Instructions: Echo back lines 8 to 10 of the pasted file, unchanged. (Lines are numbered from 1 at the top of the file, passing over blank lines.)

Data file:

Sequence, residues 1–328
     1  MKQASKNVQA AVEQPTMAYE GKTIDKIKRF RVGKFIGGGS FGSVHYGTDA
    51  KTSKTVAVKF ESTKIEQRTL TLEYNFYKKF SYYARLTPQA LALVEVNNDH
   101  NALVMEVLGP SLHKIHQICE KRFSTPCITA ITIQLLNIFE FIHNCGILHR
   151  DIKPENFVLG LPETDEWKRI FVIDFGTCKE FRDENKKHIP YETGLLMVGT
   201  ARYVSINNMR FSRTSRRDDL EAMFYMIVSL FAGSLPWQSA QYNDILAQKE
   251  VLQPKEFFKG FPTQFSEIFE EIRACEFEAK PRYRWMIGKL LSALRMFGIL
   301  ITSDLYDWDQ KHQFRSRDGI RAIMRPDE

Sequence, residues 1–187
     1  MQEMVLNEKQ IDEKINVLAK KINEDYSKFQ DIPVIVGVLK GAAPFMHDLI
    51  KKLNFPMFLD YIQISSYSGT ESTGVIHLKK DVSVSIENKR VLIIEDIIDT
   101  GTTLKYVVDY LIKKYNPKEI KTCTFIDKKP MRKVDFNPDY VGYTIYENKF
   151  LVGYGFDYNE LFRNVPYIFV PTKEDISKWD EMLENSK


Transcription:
   301  ITSDLYDWDQ KHQFRSRDGI RAIMRPDE

Sequence, residues 1–187
     1  MQEMVLNEKQ IDEKINVLAK KINEDYSKFQ DIPVIVGVLK GAAPFMHDLI